November 28, 2008

Duckworth and Lewis needs a rethink

Andy Zaltzman looks at Duckworth-Lewis, "one of humankind’s greatest scientific breakthroughs", but questions whether it needs a revamp

One of the greatest scientific breakthroughs known to man © Cricinfo Ltd.

The Duckworth-Lewis method is rightly regarded as one of humankind’s greatest scientific breakthroughs, fit to set alongside Archimedes hopping into his bath and splashing water all over his new carpet, Fleming not bothering to wash up his petri-dishes, and whoever first discovered the sliceability of bread.

Before Professors D and L intervened, the received wisdom of the ages had been that the intervention of rain or bad light would forever skew the natural axis of limited-over cricketing justice. Previous attempts to solve this ageless conundrum had ranged from incomplete to idiotic. However, after years of secretive testing of their formula on teams of cricket-playing laboratory mice dressed in garish little pyjamas, Duckworth and Lewis unleashed their ingenious system on the cricket world and instantly catapulted themselves onto the Nobel Prize waiting list. Many still do not understand the method, but it is one of those things that the public needs to trust rather than comprehend. Like air travel, the workings of the digestive system...and Tony Blair.

The slight powerplay-related glitch revealed in the fourth India-England ODI will no doubt soon be ironed out (indeed, all significant developments in scientific history have had their teething troubles – when Newton was demonstrating gravity to then king Charles II by lobbing fruit in the air and letting it land on his head, he hurled a grapefruit upwards which never came down).

However, Duckworth-Lewis’ one seemingly irredeemable failing is its inability to adjudicate matches which fail to reach the minimum length, or are completely cancelled, leaving the disappointed spectator either with a no-result or a bowl-out (a deeply unfair resolution heavily loaded in favour of teams whose bowlers habitually drift onto middle-and-leg, thus rewarding sloppy bowling).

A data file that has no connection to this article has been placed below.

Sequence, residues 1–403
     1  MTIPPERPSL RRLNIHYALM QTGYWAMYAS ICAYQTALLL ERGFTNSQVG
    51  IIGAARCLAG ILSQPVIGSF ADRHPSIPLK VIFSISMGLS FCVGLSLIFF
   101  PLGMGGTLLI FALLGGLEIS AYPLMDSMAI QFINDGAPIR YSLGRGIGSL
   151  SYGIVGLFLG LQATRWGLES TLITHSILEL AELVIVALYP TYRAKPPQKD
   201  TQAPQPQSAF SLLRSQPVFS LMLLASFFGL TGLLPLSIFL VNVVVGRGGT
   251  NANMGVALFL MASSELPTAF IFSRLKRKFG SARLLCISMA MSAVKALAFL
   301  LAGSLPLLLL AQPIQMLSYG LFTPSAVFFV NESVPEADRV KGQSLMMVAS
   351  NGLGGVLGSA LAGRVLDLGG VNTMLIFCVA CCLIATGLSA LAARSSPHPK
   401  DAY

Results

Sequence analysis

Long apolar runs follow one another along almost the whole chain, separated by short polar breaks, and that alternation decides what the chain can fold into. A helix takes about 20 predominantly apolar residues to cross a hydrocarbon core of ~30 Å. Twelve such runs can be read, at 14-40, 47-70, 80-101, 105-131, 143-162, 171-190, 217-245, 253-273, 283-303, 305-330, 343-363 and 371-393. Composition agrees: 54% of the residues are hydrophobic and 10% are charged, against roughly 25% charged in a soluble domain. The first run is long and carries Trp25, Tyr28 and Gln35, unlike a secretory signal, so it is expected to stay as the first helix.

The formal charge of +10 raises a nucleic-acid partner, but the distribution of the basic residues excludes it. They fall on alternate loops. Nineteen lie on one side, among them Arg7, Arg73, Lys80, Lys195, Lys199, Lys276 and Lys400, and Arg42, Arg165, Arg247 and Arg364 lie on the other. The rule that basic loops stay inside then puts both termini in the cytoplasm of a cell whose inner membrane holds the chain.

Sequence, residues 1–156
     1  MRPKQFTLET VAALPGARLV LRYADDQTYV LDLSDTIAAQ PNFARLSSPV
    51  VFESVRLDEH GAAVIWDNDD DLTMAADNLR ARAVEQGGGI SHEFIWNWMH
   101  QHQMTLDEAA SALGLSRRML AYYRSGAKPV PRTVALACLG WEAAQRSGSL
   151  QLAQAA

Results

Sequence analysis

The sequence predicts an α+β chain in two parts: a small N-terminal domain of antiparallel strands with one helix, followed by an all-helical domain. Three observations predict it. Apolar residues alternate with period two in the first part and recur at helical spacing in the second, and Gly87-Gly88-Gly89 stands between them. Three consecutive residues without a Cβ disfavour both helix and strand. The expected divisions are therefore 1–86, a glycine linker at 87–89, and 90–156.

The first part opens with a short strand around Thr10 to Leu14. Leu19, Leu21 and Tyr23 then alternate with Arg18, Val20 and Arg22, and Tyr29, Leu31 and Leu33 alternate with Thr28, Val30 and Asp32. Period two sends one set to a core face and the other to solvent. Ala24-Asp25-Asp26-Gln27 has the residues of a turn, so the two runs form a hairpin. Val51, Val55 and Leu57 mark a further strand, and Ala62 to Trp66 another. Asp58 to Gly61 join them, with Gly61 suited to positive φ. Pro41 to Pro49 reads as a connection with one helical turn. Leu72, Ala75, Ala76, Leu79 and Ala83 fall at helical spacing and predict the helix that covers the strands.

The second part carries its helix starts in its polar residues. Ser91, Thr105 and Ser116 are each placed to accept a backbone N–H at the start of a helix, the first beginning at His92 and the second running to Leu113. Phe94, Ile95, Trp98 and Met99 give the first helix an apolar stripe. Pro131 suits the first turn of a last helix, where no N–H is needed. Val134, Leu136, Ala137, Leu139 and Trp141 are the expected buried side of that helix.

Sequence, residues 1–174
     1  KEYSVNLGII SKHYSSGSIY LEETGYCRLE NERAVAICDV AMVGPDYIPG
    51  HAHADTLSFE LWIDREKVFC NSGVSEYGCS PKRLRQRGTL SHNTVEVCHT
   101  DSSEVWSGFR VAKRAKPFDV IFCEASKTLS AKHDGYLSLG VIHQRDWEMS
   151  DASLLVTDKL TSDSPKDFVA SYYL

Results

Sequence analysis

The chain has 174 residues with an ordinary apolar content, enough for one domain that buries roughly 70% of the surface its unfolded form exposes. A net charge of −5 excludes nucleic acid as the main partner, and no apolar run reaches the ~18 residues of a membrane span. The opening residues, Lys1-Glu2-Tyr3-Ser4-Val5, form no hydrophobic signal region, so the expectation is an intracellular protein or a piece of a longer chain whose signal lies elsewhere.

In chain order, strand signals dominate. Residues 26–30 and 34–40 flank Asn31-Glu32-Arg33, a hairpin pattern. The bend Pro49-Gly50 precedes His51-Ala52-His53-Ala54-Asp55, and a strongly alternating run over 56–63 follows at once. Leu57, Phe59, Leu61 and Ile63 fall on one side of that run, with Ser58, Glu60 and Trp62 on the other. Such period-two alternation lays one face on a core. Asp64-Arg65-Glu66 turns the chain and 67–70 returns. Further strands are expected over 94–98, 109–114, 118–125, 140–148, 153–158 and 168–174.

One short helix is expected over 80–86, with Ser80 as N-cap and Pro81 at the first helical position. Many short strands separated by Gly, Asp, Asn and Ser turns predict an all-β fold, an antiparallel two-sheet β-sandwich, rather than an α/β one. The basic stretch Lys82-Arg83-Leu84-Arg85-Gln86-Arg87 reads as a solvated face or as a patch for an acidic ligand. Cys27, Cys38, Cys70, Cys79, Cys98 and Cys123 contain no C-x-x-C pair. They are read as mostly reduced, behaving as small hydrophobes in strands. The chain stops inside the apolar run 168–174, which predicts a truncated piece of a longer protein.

D/L must therefore return to their laboratory to develop special brain-scanning helmets to analyse the mental states of players, and thus predict which team would have performed better on the day – based on their confidence levels, intensity of will-to-win, homesickness, and extent of distraction caused by external media and financial issues.

The winning team could thus be fairly adjudicated, and the paying spectator would return home happy that justice had been served. (Whilst inevitable technical teething troubles are overcome, it may also be necessary for the ICC to back up the results of the scanner helmet by spying on the teams to gain the deepest possible insight into the psychological states of the players – the authorities would have to start bugging team meetings and hotel rooms, and conducting elaborate tabloid-style sting operations to trick the players into revealing whether, deep down, they genuinely believe they can win, or are just saying so in press conferences out of contractual obligation.)

In time, it may prove that the helmet-scanner system provides a far more fair and accurate means of deciding cricket matches that cricket itself. Result of games are often determined by moments of unnatural luck, skill or umpiring – science could remove such quirks, and ensure that by removing cricket from cricket matches, the team that deserves to win always emerges triumphant.

Andy Zaltzman is a stand-up comedian, a regular on the BBC Radio 4, and a writer